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Renewed US sanctions target Iran’s economy

Foes for decades, the US and Iran have been increasingly at odds over Iran’s growing political and military influence in the Middle East since Trump took office.

FILE: Iranians burn an image of US President Donald Trump during an anti-US demonstration outside the former US embassy headquarters in the capital Tehran on 9 May 2018 after Trump's withdrawal from the nuclear deal with Iran. Picture: AFP

WASHINGTON/ANKARA - President Donald Trump’s top security adviser on Monday urged Iran to take up an offer of talks with the United States or suffer more pain from economic sanctions, but Iran’s president said Washington needed first to prove it can be trusted.

Hours before revived US sanctions were due to kick in, White House national security adviser John Bolton said Iran should pay heed to Trump’s willingness to negotiate.

“They could take up the president’s offer to negotiate with them, to give up their ballistic missile and nuclear weapons programs fully and really verifiably,” Bolton told Fox News.

“If the ayatollahs want to get out from under the squeeze, they should come and sit down. The pressure will not relent while the negotiations go on,” said Bolton, one of the administration’s main hawks on Iran.

So-called snapback sanctions, due to come into force early on Tuesday, target Iranian purchases of US dollars, metals trading, coal, industrial software and its auto sector.

Foes for decades, the United States and Iran have been increasingly at odds over Iran’s growing political and military influence in the Middle East since Trump took office in January 2017.

The renewed sanctions were among those listed under a 2015 deal between world powers and Tehran on curbing Iran’s nuclear program. Trump abandoned the deal in May. Heavier US sanctions, aimed at Iran’s oil sector, are due in November.

Iran’s rial currency has lost half its value since April under the threat of revived US sanctions. The currency’s collapse and soaring inflation have sparked sporadic demonstrations in Iran against profiteering and corruption, with many protesters chanting anti-government slogans.

President Hassan Rouhani on Monday said Iran could hold talks with the United States only if Washington proved its trustworthiness.

Rouhani implied that if the United States signed up again to the nuclear deal and lifted sanctions, then that could pave the ground for negotiations.

“If you stab someone with a knife and then you say you want talks, then the first thing you have to do is remove the knife,” Rouhani said in a speech broadcast live on state television.

“We are always in favour of diplomacy and talks. ... But talks need honesty,” Rouhani said. He called on Iranians to unite in the face of hardship. “There will be pressure because of sanctions, but we will overcome this with unity,” he said.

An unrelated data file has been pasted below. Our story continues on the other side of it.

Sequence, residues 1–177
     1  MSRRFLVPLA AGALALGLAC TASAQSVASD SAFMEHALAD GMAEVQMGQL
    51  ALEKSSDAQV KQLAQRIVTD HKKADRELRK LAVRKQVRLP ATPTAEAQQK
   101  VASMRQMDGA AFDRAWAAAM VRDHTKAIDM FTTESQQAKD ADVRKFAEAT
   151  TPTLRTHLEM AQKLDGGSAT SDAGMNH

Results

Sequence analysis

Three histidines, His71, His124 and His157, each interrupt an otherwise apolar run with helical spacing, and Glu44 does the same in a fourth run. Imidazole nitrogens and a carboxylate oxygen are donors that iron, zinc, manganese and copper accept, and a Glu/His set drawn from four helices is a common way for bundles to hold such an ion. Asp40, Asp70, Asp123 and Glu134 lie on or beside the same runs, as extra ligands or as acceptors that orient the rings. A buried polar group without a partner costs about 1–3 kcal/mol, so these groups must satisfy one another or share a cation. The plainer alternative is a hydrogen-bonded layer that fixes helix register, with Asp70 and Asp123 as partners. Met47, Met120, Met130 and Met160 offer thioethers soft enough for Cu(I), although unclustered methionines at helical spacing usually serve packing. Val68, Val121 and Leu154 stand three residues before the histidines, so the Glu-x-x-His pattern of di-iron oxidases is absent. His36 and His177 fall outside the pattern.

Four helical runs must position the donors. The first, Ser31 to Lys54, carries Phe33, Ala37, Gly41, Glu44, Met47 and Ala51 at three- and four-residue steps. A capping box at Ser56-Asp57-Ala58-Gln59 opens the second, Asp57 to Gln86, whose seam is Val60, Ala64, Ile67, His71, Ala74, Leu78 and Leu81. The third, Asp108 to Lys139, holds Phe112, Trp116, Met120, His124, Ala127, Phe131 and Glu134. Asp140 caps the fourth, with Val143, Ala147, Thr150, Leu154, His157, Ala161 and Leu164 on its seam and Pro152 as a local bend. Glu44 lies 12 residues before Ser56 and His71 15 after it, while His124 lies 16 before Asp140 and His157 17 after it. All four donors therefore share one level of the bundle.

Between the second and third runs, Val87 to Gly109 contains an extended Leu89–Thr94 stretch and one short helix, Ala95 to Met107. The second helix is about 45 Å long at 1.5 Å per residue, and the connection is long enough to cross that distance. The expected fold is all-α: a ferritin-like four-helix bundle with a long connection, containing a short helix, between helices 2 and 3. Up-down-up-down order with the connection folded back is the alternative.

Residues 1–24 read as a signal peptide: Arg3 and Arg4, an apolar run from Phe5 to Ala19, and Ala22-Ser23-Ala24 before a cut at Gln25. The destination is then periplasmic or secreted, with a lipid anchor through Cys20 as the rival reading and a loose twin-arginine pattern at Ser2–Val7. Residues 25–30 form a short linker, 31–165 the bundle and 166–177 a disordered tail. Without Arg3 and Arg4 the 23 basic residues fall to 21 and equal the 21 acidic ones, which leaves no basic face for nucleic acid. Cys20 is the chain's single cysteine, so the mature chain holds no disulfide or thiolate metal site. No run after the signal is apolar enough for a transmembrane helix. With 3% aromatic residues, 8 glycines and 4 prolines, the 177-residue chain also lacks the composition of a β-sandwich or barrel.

Trump pulled the United States out of the nuclear deal, saying it fails to address Iran’s ballistic missile program, the terms by which inspectors visit suspect Iranian nuclear sites, and “sunset” clauses under which some of its terms expire.

The two countries are also in dispute over Iran’s involvement in Middle Eastern conflicts from Yemen to Syria and tensions between Tehran and Israel.

SANCTIONS WEAK SPOTS

Trump plans to reintroduce more damaging sanctions on Iranian oil in November and wants as many countries as possible to cut their imports of Iranian oil to zero.

But the US sanctions strategy has several weak spots, especially a reluctance by Europe and China to curtail business with Iran.

The European Union voiced regret on Monday at the looming US sanctions.

A senior official at Iran’s economy ministry said Tehran did not think the economic impact of the sanctions would be “massive.”

“Many countries, including Europeans, disagree with the US sanctions and are willing to work with Iran,” said the official, who asked not to be named.

Iran said on Sunday it will ease foreign exchange rules, to try to halt the fall of its currency.

Iran’s net official reserves are projected to decline this year to $97.8 billion, enough to finance about 13 months of imports, the International Monetary Fund estimated in March.

The sanctions aim to modify Iran’s behaviour and not bring about a “regime change” targeting Rouhani, US officials said on a conference call on Monday. They said the government’s handling of social and labour protests was a concern.

Fear of sanctions and economic hardship have led to sporadic protests in several cities in recent days, with ordinary Iranians chanting slogans against Iranian leaders.

Trump warned on Monday of “severe consequences” for people or entities that fail to wind down economic activities with Iran.

“The United States is fully committed to enforcing all of our sanctions, and we will work closely with nations conducting business with Iran to ensure complete compliance,” he said in a statement.

The European Union vowed on Monday to counter the renewal of sanctions on Iran.

The EU and other parties to the 2015 nuclear deal, China and Russia, are working to maintain trade with Iran, which has threatened to stop complying with curbs on its nuclear work if it fails to see the economic benefits of relief from sanctions under the deal.

“We deeply regret the reimposition of sanctions by the US,” the bloc said in a joint statement with the foreign ministers of France, Germany and Britain.

They pledged to work on preserving financial flows and Iran’s oil and gas exports - a lifeline of its economy.

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